Cash crunch squeezes retail inflation to 2-year low; hits 3.63% in November

K. R. Srivats New Delhi | Updated on January 16, 2018 Published on December 13, 2016



Raises hope of RBI policy rate cut

Retail inflation, measured by consumer price index (CPI), fell to a two-year low in November 2016 at 3.63 per cent, as depressed consumer demand owing to Prime Minister Narendra Modi’s abrupt move of November 8 to remove high-value banknotes disrupted daily life.

The latest CPI print — well below the Reserve Bank of India’s five per cent inflation target for March 2017 — has raised hopes of central bank going in for a repo rate cut at its next monetary policy review meeting.

The note ban had a telling effect on food articles inflation — 47 per cent weight in CPI —which declined to 2.11 per cent in November from October’s 3.32 per cent. Food articles inflation in November last year stood at 6.07 per cent.

Overall CPI inflation had come in at 5.41 per cent in November last year and 4.20 per cent in October 2016.

For the month under review, urban CPI inflation came in at 3.05 per cent (4.71 per cent in November 2015). Rural CPI inflation for the month under review stood at 4.13 per cent (5.95 per cent).

In October this year, urban CPI inflation had touched 3.54 per cent, while rural CPI inflation had touched 4.78 per cent in the same month.

Experts’ views

Aditi Nayar, Principal Economist, ICRA Ltd, said dearth of cash is likely to have hindered price discovery at the Mandi level.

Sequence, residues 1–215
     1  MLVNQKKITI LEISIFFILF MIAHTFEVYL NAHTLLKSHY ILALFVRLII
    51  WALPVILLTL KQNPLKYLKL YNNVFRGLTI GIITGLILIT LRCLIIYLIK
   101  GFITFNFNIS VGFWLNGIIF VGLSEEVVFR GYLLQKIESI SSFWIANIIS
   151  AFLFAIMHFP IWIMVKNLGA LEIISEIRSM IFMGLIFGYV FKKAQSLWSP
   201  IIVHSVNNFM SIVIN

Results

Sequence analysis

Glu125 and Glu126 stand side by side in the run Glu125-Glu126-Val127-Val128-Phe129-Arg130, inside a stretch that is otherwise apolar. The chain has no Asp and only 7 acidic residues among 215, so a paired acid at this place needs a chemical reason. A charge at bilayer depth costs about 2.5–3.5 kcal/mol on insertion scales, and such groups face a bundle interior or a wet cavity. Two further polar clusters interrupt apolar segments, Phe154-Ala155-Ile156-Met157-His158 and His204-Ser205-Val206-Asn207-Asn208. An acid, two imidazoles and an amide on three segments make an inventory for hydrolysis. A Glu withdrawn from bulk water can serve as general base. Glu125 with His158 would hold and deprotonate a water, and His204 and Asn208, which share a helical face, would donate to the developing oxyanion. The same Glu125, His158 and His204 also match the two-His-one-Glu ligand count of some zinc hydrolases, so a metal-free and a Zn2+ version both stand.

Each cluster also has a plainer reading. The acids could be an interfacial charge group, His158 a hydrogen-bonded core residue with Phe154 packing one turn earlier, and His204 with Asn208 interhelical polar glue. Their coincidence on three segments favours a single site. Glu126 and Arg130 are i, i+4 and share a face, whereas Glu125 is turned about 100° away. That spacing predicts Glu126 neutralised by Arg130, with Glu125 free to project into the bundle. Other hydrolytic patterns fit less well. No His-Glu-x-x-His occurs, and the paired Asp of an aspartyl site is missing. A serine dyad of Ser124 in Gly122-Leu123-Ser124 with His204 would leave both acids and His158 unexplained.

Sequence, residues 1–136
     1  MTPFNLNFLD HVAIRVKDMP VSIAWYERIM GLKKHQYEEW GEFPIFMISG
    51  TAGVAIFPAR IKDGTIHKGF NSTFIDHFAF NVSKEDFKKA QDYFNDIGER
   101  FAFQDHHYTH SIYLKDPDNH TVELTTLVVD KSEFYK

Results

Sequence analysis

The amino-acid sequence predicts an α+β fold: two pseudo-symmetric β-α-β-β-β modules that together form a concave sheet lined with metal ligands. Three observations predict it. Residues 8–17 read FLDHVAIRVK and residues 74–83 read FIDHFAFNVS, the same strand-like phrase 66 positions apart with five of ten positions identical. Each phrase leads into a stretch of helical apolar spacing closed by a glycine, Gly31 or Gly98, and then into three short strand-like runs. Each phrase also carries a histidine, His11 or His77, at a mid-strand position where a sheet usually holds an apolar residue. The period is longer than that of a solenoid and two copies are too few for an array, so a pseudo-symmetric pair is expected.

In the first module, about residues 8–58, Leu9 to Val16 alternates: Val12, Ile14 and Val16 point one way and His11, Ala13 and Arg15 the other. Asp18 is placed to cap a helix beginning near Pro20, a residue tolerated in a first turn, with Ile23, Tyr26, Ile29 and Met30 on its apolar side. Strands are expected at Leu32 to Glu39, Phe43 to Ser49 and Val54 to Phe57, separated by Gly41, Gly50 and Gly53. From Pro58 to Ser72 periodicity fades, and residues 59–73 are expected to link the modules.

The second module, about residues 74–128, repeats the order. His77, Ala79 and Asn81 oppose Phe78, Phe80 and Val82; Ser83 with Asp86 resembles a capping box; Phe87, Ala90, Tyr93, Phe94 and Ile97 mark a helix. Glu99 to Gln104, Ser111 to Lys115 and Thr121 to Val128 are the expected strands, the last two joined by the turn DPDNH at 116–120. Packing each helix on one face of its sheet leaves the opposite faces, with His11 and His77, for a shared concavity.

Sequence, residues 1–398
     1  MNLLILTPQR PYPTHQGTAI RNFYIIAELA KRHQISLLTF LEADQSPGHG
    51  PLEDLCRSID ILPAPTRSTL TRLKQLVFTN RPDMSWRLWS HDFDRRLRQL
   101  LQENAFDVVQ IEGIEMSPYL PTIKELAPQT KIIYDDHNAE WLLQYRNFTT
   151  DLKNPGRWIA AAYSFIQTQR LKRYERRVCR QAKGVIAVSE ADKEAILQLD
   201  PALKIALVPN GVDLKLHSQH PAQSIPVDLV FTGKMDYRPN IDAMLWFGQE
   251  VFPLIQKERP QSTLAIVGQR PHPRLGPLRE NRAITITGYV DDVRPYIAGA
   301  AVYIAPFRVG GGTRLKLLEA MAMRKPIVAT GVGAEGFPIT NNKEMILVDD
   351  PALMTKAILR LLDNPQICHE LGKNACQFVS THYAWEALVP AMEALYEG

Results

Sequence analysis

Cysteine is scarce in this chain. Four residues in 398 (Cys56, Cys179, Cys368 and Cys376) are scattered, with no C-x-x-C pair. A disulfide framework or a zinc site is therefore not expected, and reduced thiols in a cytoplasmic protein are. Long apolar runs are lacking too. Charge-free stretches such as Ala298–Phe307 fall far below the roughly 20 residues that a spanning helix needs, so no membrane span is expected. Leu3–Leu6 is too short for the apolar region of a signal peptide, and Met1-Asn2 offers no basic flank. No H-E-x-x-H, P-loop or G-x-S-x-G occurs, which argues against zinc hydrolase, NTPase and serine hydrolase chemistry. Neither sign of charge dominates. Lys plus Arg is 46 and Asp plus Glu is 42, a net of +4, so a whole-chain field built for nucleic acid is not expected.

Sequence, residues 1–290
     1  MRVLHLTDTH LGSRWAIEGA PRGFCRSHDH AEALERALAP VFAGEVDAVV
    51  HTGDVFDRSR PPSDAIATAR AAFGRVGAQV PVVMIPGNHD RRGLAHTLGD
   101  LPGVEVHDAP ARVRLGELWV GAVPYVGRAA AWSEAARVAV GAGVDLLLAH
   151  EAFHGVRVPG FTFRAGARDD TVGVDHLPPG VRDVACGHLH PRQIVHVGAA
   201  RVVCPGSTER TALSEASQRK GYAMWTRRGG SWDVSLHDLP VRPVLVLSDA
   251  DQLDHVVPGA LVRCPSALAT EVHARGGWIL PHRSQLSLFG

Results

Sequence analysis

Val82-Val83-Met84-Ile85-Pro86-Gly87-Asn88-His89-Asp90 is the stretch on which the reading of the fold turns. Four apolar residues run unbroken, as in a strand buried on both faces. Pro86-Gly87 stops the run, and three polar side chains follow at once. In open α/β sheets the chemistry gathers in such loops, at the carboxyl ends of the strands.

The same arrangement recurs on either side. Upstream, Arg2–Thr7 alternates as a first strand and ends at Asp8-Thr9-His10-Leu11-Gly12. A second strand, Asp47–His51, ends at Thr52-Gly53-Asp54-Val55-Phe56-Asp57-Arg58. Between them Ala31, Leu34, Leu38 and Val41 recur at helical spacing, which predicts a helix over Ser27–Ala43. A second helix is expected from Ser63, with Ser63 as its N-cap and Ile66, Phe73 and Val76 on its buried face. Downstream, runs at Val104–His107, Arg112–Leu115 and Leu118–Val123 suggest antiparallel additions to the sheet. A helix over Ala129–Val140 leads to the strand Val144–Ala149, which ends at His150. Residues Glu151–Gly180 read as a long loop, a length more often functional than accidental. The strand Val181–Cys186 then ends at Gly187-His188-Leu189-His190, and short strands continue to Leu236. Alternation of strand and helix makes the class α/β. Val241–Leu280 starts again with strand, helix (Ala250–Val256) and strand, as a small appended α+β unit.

Following demonetisation, food prices are likely to have fallen more sharply at the wholesale price level than at the retail level, which saw a sequential moderation of 0.7 per cent. “Therefore, we expect a sharper correction in WPI inflation in November 2016 compared with CPI inflation,” she added.

Rishi Shah, Economist, Deloitte India, said the fall in retail inflation seems to be on the back of a favourable base effect coupled with some downside due to the demonetisation move.

The fine print shows that a decline in prices of perishables such as fruits and vegetables have had a major impact.

“Overall, the number is likely to remain below the RBI’s threshold of five per cent for March 2017 in the coming months and should pave the way for another 25 bps cut in the coming months,” Shah added.

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Published on December 13, 2016
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